Plaintiff seeks and Defendant agrees to an award of reasonable attorney fees and other litigation costs. Although the Court finds that Plaintiff has already "substantially prevailed" for purposes of an assessment of attorney fees and other litigation costs under FOIA's fee-shifting provision, 5 U.S.C. § 552 (a)(4)(E), the Court awards attorney fees and costs here based on its inherent authority to impose monetary sanctions to maintain control of the litigation. Counsel was necessary to monitor and verify Defendant's reconstruction and production of responsive records. Because the efforts of Plaintiffs counsel in conducting discovery and briefing the motion for sanctions were necessitated by the actions of Defendant's employees, it is only proper that Defendant should pay those fees and costs. Plaintiff may submit a motion for attorney fees and costs at his convenience prior to the conclusion of this action, but must first confer with Defendant in an attempt to reach agreement on the amount of the award. LCvR 54.2. Plaintiff may also move for attorney fees and costs within sixty days after the conclusion of this action for fees and costs incurred after the date of this order. In filing the latter, Plaintiff should justify its motion on the four factors traditionally used in determining whether to award attorneys' fees in FOIA cases: the public benefit derived from the case, the commercial benefit to the plaintiff, the nature of the plaintiffs interest in the information, and the reasonableness of the agency's basis for withholding the information. Weisberg v. United States, 745 F.2d 1476, 1498 (D.C.Cir. 1984).

b) Requiring Defendant to Obtain and Produce Certain Records

Plaintiff asks that Defendant be ordered to obtain copies of his criminal case file in the United States District Court for the Middle District of Florida, pen register logs and investigation reports from the St. Petersburg. Florida Police Department, and tape transcripts previously furnished to all criminal defense counsel in his criminal trial. Defendant agrees to these requests and states that it has already obtained and produced these records. See Defendant's Opposition to Plaintiff's Motion for Sanctions, at 4. Plaintiff argues that Defendant's production of these records is untimely and incomplete. Because Defendant has agreed to produce these records, Plaintiffs request for an order to produce these records is moot. The issue of whether Defendant has produced all such records must necessarily await briefing on the merits.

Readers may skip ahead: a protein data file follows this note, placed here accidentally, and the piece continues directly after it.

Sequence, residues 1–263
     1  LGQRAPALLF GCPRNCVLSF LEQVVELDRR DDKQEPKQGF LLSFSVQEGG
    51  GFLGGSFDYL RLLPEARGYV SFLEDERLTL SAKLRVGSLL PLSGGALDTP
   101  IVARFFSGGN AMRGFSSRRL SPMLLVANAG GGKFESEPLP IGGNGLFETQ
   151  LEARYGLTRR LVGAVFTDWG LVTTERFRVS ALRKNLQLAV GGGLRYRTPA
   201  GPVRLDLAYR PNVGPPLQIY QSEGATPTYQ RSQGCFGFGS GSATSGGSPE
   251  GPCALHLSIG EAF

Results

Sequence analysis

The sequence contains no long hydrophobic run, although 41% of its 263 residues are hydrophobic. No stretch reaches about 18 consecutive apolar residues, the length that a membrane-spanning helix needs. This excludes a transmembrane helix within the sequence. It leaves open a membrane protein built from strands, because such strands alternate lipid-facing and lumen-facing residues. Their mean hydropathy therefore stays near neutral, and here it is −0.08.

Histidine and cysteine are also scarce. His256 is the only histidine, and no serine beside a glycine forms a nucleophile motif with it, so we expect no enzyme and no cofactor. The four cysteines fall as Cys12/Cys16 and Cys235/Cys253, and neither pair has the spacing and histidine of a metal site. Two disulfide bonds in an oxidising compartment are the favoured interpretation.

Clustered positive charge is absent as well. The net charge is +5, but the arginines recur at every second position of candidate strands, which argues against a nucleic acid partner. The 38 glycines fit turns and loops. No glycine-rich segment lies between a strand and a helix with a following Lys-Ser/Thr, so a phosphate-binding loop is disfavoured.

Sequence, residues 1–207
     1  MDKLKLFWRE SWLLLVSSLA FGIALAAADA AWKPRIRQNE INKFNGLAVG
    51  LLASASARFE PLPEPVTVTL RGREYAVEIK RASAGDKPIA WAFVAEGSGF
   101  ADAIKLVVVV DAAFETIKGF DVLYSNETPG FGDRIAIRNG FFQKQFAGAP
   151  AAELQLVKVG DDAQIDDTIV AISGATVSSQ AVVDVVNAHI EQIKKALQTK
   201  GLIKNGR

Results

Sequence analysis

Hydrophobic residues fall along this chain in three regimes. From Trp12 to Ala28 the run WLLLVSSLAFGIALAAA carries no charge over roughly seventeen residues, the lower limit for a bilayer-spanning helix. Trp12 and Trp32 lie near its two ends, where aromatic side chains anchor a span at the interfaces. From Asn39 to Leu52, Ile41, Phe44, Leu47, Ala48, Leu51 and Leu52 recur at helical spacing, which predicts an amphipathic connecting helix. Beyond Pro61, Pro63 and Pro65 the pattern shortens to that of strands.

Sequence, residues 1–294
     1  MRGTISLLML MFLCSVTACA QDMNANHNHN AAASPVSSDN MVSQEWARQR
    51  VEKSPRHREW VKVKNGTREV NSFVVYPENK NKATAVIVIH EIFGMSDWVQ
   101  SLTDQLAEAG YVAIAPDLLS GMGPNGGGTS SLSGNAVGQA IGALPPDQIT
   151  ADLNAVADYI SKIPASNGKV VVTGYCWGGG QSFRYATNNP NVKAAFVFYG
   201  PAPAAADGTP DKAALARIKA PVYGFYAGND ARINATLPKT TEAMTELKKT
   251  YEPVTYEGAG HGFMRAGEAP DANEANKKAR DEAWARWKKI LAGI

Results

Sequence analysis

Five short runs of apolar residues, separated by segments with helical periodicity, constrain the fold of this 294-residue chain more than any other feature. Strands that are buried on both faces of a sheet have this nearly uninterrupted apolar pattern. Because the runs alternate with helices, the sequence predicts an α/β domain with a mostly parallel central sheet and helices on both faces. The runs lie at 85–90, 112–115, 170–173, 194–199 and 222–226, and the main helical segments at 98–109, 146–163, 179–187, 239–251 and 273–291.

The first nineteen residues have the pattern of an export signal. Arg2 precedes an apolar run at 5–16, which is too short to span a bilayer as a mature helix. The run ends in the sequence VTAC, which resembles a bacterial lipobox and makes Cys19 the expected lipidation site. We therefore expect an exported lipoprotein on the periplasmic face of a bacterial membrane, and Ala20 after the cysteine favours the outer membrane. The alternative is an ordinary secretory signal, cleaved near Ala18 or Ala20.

c) Referral to the Office of Professional Responsibility

Plaintiff asks the Court to make factual findings regarding Mr. Downing's destruction of records responsive to Plaintiffs FOIA request while this action was pending in order to refer him to the Department of Justice's Office of Professional Responsibility and for referral to the Special Counsel pursuant to 5 U.S.C. § 552 (a)(4)(F). In support of this request, Plaintiff attaches excerpts from Mr. Downing's deposition and those of his secretary, paralegal and the St. Petersburg Police Department detective who assisted in the destruction of files juxtaposed with Mr. Downings prior declaration in this action showing his knowledge of this pending FOIA litigation shortly before he destroyed the records. As an experienced Assistant United States Attorney, Downing should not have needed to consult a paralegal in his office to learn that records that were the subject of a pending FOIA action should not be destroyed. Plaintiff asserts that various aspects of Mr. Downing's testimony are incredible, while Defendant characterizes his destruction of records as a "regrettable mistake." At the very least, Mr. Downing's actions demonstrate a dangerous and reckless disregard for his agency's statutory duty under the Freedom of Information Act. At worst, Mr. Downing may have perjured himself. Congress has repeatedly affirmed FOIA's importance in assuring openness in government.*fn7 All agency employees should appreciate their responsibility in ensuring the greatest access possible.

Without having heard his testimony in person, the Court is not in a position to judge Mr. Downing's credibility as to his state of mind when he destroyed records responsive to Plaintiff's FOIA request. Nonetheless, the scenario offered by Mr. Downing, an experienced government prosecutor, casts the gravest doubt about his excuse for the destruction. Considering that the agency has made efforts to reconstruct the destroyed files, conducting a hearing on this collateral matter will not materially advance Plaintiff's recovery of requested records. The Attorney General is in a much better position to conduct a comprehensive investigation, to make necessary findings and to impose any appropriate sanctions on her employees. Consequently, the Court will refer Mr. Downing to the Department of Justice's Office of Professional Responsibility to investigate whether he violated the law or engaged in professional misconduct when he destroyed records responsive to Plaintiff's FOIA request while this litigation was pending.*fn8

3. Sanctions for failure to comply with Court's February 12, 1999 Order.

Plaintiff seeks fines and other sanctions for Defendant's failure to timely comply with the Court's Order of February 12, 1999, in which the parties agreed to a schedule for reconstructing the destroyed criminal case files and producing those records to Plaintiff and his counsel.*fn9 In support of such sanctions, Plaintiff points to the apparently minimal efforts made by Bonnie Gay, an attorney, to comply with this Court's Order requiring reconstruction of the destroyed records, as well as the flat-out violation of at least one provision of the Order.